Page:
Let’s look at universities, colleges and educational institutes serving young adults for whom the discipline of the classroom is less of a necessity than the academic content. Most universities switched to on-line course delivery this year to prove that they could justify the £9,500 annual teaching fee without lecture theatres, seminars and tutorial groups on campus. Many students felt short-changed as they forfeited much of the social camaraderie of student life, but overall the academic product could be delivered virtually in all but the most practical subjects. Long term is there a future for university campus buildings if on-line learning becomes the new norm?
Universities in the UK since 2013 have become business units competing with each other for student customers, so the student experience is not something to be ignored in a competitive market. The quality of teaching becomes a more significant determinant and for the universities the attraction and retention of quality teaching staff. How keen are staff to deliver teaching in future completely on line, is it rewarding or satisfying enough for them in a virtual world?
Education provision in business schools, and specifically Executive Education programmes, is a niche area where not every player feels comfortable. Some concentrate on executives in the MBA market and few tackle the international market of senior executives via open and custom programmes. The pandemic called an abrupt halt to demand in this area and some players were faster than others in switching to on-line learning to replace classroom-based courses. How important is the classroom to this type of audience; is something lost if programmes are only delivered on-line?
Twenty years ago I did some research for leading European business school on who buys Exec Ed programmes, who attends them, and how is the course value viewed by the paying clients. This business school is still ahead of the game designing product based on client needs not on its academic faculty resource. Even today I see leading schools developing fascinating programmes but the delivery team is not the sales and marketing team so client satisfaction is ultimately at risk.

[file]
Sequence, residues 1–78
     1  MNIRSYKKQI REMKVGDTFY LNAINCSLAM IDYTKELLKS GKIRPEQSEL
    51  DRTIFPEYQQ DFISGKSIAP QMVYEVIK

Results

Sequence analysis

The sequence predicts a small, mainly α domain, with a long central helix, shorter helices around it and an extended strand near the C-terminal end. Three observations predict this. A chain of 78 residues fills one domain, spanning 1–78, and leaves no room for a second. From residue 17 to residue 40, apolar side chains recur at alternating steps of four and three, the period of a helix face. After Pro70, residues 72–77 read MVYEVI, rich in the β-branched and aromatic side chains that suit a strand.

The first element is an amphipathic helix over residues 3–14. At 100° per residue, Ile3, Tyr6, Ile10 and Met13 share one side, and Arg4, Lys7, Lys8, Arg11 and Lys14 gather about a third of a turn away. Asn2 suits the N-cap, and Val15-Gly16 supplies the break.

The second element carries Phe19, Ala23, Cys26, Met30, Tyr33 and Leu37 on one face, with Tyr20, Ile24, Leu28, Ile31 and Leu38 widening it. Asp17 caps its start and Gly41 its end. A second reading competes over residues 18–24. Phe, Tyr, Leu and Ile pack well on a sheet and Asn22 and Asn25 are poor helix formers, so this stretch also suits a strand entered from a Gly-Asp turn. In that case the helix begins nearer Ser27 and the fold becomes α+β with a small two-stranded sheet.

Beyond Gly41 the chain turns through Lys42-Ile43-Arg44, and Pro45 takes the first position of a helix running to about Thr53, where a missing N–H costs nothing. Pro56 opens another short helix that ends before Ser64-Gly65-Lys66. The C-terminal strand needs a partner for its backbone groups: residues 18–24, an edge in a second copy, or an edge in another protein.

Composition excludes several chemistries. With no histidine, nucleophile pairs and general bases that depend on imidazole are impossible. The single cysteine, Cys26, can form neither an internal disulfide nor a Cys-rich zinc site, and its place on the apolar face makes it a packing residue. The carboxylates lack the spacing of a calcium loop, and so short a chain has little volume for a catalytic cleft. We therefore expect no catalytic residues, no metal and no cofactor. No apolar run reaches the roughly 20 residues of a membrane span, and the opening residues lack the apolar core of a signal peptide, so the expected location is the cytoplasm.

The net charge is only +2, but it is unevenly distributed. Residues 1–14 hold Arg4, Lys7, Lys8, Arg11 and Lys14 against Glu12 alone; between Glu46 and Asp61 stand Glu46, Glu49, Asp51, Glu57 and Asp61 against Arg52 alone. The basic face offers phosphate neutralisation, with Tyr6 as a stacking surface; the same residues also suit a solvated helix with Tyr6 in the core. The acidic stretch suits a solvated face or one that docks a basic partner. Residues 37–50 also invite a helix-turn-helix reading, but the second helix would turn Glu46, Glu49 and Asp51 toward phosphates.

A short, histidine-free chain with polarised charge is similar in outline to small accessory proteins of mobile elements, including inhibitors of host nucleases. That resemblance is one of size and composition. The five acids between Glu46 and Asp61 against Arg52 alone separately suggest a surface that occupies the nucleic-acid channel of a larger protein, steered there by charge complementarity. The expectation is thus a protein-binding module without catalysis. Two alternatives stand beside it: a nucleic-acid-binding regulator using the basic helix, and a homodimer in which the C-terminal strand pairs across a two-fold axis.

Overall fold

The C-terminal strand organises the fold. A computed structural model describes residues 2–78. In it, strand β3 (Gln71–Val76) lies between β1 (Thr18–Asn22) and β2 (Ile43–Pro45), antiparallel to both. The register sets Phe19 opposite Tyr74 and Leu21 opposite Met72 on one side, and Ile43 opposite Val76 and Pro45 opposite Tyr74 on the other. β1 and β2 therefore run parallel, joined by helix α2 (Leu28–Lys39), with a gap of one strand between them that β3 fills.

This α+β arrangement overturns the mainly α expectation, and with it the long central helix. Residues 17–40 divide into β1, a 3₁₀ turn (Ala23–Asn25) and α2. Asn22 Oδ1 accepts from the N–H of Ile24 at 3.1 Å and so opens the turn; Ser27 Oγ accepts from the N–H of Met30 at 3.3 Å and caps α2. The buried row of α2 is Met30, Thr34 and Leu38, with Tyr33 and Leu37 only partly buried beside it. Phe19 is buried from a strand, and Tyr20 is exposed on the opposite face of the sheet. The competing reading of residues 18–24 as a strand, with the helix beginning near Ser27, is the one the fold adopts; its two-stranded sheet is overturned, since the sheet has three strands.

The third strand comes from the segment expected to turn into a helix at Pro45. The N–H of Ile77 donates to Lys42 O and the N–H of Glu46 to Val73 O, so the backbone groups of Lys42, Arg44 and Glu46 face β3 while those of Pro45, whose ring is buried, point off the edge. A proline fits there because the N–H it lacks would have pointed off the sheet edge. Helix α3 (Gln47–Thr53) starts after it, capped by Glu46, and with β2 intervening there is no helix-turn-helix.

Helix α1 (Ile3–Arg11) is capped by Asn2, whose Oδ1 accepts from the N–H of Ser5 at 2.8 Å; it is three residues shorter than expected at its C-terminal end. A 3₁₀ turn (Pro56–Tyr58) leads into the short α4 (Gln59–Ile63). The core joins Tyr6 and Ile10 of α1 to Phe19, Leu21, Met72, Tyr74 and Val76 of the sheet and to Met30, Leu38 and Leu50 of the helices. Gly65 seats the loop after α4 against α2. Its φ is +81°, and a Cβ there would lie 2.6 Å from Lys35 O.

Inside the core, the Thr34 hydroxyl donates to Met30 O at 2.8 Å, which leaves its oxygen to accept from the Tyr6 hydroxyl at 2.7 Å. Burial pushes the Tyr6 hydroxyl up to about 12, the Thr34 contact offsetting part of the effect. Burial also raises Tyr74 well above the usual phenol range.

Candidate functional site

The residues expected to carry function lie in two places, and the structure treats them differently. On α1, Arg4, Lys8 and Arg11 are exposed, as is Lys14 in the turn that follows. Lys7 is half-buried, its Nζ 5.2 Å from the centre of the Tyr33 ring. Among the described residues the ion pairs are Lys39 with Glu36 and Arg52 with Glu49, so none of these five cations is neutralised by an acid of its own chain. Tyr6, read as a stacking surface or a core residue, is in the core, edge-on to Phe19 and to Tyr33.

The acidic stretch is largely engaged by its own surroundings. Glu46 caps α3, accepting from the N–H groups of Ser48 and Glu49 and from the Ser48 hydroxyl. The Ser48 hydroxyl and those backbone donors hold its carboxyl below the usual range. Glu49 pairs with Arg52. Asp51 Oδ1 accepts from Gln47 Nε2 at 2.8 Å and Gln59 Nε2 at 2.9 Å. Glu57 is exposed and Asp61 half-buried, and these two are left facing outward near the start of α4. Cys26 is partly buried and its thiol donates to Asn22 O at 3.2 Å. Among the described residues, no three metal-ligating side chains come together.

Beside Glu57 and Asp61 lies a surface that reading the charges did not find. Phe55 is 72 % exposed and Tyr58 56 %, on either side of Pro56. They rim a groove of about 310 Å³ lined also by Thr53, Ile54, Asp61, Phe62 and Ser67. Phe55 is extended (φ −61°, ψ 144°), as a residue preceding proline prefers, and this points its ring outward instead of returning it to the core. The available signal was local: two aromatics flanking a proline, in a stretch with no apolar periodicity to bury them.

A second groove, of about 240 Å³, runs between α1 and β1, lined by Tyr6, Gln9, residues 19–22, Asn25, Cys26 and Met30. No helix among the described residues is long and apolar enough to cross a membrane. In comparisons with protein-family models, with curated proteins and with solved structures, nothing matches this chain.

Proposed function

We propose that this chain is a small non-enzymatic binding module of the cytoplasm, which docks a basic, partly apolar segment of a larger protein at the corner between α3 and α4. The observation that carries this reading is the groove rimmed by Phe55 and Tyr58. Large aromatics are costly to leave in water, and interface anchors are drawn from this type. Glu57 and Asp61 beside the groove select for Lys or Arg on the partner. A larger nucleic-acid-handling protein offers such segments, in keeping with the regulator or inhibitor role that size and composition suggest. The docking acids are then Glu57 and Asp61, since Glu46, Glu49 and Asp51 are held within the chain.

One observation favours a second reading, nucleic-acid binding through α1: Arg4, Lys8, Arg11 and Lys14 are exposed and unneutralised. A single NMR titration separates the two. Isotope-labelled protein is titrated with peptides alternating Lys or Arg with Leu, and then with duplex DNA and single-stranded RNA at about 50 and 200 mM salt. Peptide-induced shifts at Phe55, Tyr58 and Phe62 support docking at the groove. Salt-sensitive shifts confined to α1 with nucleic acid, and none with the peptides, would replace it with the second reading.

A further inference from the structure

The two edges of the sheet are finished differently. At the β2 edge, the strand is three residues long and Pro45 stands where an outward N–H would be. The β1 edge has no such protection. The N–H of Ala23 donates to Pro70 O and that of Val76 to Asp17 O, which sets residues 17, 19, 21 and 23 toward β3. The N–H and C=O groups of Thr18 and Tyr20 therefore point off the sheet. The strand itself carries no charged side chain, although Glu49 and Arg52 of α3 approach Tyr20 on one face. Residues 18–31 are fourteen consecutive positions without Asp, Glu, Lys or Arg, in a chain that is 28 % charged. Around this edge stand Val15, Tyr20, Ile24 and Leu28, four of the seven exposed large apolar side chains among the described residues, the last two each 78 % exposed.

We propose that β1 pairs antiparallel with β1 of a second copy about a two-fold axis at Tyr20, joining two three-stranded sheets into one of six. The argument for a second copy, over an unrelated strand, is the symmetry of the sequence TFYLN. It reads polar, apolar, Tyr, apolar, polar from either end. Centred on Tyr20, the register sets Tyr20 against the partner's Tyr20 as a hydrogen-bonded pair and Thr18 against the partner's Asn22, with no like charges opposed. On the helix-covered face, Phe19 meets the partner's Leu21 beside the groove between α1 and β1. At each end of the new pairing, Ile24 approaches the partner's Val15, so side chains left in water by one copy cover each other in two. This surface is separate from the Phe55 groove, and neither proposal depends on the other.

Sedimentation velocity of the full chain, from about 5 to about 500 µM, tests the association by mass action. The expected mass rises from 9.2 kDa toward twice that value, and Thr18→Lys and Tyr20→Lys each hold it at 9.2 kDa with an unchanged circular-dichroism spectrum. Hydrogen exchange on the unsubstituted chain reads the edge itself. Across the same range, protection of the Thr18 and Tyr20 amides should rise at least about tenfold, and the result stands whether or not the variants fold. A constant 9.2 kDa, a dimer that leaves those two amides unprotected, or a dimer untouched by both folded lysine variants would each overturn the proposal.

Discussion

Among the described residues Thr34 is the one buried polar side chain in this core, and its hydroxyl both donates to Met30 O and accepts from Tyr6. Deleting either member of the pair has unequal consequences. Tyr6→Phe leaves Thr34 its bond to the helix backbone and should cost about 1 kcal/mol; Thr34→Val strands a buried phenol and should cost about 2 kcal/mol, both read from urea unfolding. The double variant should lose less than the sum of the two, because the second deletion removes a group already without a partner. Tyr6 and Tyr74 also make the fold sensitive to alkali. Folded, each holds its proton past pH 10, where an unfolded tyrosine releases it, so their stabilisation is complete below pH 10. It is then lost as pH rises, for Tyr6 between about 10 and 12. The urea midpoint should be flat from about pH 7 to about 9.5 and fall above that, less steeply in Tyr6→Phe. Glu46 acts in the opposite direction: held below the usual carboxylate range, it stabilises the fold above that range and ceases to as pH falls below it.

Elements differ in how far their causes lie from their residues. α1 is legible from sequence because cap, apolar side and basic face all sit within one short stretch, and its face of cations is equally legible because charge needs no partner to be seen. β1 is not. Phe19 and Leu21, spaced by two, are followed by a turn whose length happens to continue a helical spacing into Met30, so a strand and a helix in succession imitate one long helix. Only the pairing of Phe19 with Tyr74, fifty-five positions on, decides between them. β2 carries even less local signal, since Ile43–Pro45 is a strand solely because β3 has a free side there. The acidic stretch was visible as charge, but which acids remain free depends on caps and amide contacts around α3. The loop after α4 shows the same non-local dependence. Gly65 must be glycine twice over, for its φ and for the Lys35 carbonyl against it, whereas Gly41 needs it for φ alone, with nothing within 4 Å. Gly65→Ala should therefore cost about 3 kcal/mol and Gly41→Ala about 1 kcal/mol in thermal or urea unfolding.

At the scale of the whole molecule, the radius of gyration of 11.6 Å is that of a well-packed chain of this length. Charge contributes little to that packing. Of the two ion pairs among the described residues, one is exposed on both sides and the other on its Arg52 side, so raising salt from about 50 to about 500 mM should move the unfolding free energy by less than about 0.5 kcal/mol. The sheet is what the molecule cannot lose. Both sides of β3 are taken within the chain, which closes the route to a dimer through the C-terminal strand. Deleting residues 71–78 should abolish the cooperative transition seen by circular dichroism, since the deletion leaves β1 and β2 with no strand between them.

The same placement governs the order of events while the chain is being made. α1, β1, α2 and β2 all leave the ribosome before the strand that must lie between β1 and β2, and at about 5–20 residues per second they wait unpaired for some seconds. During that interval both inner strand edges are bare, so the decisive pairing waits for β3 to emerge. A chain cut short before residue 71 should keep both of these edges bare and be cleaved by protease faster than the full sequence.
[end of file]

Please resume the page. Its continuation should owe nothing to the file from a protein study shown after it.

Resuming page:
On-line delivery works as well as the classroom but it depends what the delegate expects from the course. A residential one provides the opportunity for escape and reflection plus the opportunity to meet peers from other organisations and make career enhancing contacts. None of this is possible with an on-line programme so much of its social value is lost as a meeting point. Is this important or can the business school still profit from on-line only delivery and dispense with the classroom?
The point of selecting education as a sector is to show that although the product is versatile enough to survive the switch from physical to virtual delivery, something inevitably is ‘lost in translation’ . It is not about how we teach but how we learn, and specifically the environment most conducive to achieving this. For many people, self-learning is distraction free and time efficient, however for some the absence of fellow students or delegates devalues the educational experience as a social phenomenon. It is not about the classroom as a place but the cohort as a collective.
This social value implicit in education is important not just for the student or ‘educatee’ but also the provider or ‘educator’ which may be a college, university or business school. This has implications for the resource mix and utilisation over time, both places (buildings) and people (staff). There is probably a reason hidden in the numbers why there was only one Open University. Perhaps there is a limit to the attraction of distance learning? One thing is for sure, universities will have to examine their business models with a much more critical eye in the wake of the pandemic. It certainly has made an impact on the future of work in education.